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Hands off the Bard, you EU Statist Bastards!

Once more unto the breach, dear friends, once more;
Or close the wall up with our English dead.
In peace there’s nothing so becomes a man
As modest stillness and humility:
But when the blast of war blows in our ears,
Then imitate the action of the tiger;
Stiffen the sinews, summon up the blood,
Disguise fair nature with hard-favour’d rage;
Then lend the eye a terrible aspect;
Let pry through the portage of the head
Like the brass cannon; let the brow o’erwhelm it
As fearfully as doth a galled rock
O’erhang and jutty his confounded base,
Swill’d with the wild and wasteful ocean.
Now set the teeth and stretch the nostril wide,
Hold hard the breath and bend up every spirit
To his full height. On, on, you noblest English.
Whose blood is fet from fathers of war-proof!
Fathers that, like so many Alexanders,
Have in these parts from morn till even fought
And sheathed their swords for lack of argument:
Dishonour not your mothers; now attest
That those whom you call’d fathers did beget you.
Be copy now to men of grosser blood,
And teach them how to war. And you, good yeoman,
Whose limbs were made in England, show us here
The mettle of your pasture; let us swear
That you are worth your breeding; which I doubt not;
For there is none of you so mean and base,
That hath not noble lustre in your eyes.
I see you stand like greyhounds in the slips,
Straining upon the start. The game’s afoot:
Follow your spirit, and upon this charge
Cry ‘God for Harry, England, and Saint George!’

Why did I quote all that? Well the EU is being encouraged to make Shakespeare…our English Shakespeare, their Euro Laureate!

The cocky little swine have already had it away with Ode To Joy for an Anthem, even when the words and music were written before Germany was even a Nation, let alone a member of the EU. Want an Anthem? write a bloody new one you lazy rent seeking gits! Something by Kraftwerk will probably do.

They’ve been awarded a Nobel Peace Prize (Which the world is still chuckling in disbelief about) and now they want Willy the Shake too!

No way Jose, Barroso and Rumpy Pumpy; You can have Shakespeare as a European Icon when you prise the Sonnets from my cold dead hand!

Who do you think he was celebrating smacking up side the head in Henry V?


  1. Leg-iron says:

    Something by Kraftwerk? ‘Vom Himmel Hoch’ would suit them. It fits the utterly discordant nature of their madness perfectly.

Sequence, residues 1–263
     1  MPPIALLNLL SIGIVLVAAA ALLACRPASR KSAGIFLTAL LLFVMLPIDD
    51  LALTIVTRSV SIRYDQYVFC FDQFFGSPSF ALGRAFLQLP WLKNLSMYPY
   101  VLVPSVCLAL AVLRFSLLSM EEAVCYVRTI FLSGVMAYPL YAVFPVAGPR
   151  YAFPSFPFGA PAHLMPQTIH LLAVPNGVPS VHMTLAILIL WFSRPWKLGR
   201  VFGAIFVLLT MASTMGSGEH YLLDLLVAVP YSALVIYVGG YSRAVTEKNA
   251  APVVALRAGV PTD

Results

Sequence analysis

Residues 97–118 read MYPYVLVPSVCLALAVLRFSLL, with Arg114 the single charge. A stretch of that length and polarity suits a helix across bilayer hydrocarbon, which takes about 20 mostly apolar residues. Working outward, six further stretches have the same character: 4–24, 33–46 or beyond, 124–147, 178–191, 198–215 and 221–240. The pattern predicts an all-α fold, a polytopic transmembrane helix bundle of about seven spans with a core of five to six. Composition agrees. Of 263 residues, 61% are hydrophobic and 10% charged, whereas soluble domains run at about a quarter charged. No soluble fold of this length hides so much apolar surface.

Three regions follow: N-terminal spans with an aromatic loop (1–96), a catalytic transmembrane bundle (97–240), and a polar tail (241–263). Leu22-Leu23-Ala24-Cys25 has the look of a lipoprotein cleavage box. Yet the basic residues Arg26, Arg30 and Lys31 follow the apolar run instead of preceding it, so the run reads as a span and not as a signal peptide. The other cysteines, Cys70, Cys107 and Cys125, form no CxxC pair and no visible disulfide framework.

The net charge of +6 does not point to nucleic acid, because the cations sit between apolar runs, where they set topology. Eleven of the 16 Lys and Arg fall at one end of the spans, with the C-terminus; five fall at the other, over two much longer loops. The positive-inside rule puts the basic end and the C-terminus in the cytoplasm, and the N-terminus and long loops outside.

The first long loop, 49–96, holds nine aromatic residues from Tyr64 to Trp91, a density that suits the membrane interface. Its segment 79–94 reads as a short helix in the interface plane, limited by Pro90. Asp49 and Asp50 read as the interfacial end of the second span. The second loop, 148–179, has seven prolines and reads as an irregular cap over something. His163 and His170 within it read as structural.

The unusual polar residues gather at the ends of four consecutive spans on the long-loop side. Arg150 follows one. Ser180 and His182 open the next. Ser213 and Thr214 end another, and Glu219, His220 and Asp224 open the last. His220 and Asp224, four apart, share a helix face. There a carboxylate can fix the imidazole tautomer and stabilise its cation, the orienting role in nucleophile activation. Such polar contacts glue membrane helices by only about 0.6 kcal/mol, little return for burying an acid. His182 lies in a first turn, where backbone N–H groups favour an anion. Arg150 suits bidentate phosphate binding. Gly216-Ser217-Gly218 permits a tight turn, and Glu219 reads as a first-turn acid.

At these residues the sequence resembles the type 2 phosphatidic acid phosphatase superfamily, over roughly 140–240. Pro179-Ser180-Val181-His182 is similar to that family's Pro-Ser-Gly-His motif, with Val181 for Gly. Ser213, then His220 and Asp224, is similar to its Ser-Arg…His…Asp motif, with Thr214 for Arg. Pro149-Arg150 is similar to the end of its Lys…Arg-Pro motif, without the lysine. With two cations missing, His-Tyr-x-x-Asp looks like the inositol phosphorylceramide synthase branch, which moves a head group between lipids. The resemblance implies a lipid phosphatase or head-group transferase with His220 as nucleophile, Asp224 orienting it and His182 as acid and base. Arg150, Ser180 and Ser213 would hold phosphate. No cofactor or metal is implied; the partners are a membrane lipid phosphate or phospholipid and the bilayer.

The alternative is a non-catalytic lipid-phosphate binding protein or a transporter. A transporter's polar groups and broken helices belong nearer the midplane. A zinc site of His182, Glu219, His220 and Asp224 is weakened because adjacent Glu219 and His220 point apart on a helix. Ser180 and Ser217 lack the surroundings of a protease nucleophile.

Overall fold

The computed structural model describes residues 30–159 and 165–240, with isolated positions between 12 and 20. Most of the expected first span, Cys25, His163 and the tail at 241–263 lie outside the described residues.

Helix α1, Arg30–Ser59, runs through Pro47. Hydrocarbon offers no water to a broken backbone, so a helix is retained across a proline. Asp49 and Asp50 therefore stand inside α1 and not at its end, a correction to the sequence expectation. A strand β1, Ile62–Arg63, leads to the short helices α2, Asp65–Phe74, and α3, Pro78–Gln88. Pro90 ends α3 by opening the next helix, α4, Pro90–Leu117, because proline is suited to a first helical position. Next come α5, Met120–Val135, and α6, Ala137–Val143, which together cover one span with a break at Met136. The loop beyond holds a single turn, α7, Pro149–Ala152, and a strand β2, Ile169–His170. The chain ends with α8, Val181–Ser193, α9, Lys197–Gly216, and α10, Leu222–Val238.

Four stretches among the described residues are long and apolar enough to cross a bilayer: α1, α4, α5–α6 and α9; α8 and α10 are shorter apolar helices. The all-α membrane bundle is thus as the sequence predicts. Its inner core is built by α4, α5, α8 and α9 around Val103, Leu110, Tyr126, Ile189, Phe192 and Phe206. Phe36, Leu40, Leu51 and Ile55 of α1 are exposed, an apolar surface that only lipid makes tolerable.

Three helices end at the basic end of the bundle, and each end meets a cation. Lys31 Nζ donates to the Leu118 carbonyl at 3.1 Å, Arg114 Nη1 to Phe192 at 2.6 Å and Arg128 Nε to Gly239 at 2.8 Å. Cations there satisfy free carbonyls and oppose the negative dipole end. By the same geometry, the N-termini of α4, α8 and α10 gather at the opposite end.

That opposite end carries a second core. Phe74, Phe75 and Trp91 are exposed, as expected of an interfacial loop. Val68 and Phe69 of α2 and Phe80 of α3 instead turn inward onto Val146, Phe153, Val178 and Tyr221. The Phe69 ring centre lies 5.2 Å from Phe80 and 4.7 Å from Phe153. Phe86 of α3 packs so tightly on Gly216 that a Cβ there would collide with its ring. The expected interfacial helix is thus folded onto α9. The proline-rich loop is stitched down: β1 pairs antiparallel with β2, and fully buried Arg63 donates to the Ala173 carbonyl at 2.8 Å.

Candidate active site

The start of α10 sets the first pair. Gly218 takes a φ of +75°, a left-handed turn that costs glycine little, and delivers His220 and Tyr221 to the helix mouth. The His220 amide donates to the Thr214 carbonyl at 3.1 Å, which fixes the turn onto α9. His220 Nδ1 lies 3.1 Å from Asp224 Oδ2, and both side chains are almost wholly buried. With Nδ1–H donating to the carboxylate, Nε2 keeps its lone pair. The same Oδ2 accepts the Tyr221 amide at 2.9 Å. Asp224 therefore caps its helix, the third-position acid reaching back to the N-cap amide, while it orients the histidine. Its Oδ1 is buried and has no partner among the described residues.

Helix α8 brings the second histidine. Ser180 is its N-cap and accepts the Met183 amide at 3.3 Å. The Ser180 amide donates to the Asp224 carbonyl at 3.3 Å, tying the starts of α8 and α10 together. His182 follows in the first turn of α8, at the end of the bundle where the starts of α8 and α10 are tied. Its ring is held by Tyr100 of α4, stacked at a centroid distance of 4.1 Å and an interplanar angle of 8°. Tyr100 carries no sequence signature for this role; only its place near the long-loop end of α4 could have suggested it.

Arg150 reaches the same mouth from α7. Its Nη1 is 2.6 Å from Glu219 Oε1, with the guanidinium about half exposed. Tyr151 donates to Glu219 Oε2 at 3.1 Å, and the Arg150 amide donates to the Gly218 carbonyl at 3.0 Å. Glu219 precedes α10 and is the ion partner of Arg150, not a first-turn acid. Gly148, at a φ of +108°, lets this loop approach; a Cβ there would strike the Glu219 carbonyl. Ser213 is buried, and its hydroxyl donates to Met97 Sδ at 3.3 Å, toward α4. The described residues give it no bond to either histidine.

2. Julie near Chicago says:

    Good point, RAB! :)

    (“Who do you think he was celebrating smacking up side the head?”)

  3. AlexB says:

    This is the classic “make their symbols ours and they’ll come around to our ways” gamibt, isn’t it?

  4. Philip Scott Thomas says:

    Sorry to piss on your parade, RAB, but yes, the Bard is a thoroughly German creation.

    You know how in the last few months we’ve have loads about the Grimm brothers? Well, they were a product of (and major contributors to) German Romanticism.

    German Romanticism and German Nationalism were two streams that fed off each other. Romanticism gave strength to the Nationalism because it offered the various German states a unifying myth. Nationalism, on the other hand, gave the Romanticism a goal to seek.

    Before the rise of German Nationalism the great model of theatre was French. The French were thoroughly enamoured with Neo-Classicalism. That is, French dramatic productions were entirely in the thrall of what the French considered to be the Aristotelian essentials of drama.

    The German Nationalists, however, discovered Shakespeare. Five acts instead of the Neo-Classical three. Story-lines that didn’t fit the Aristotelian Neo-Classical tradition. Wayhey – here were go with an entirely new theatrical tradition. Never mind that it’s English and is several hundred years old; it’s not French.

    A very large part of the German unification effort in the nineteenth century meant defining (an imagined) German culture against the French.

    In short, the whole idea of Shakespeare as the greatest playwright in the history of ever is a total myth created to unify the German states.

  5. Single Acts of Tyranny says:

    Chancellor Gorkon lives on.

  6. RAB says:

    In short, the whole idea of Shakespeare as the greatest playwright in the history of ever is a total myth created to unify the German states.

    Interesting thesis you have there Philip (I’m still smiling). But the fact is that Shakespeare has been in continuous production in England since the Bard did his last re-write on Romeo and Ethel the Pirate’s Daughter. We can’t help it if our Continental cousins are in awe of his body of work, his wit, wisdom and wordplay, and so jealous of it, they wish to co-opt it to themselves, now can we?

    But the Bard of Avon remains uniquely English. He is not the Bard of the Rhine or the Seine, nor did he tilt at windmills like Cervantes (though he bloody would do today for sure ;-) ) I am pleased they have enough brain cells to appreciate his genius, but that genius is the quintessence of Englishness. He remains ours not theirs, and always will be; It is only jealousy and hubris on the part of our EU partners to attempt to steal him in the first place. To try and rebrand him “European” is laughable, just like the rest of their Project.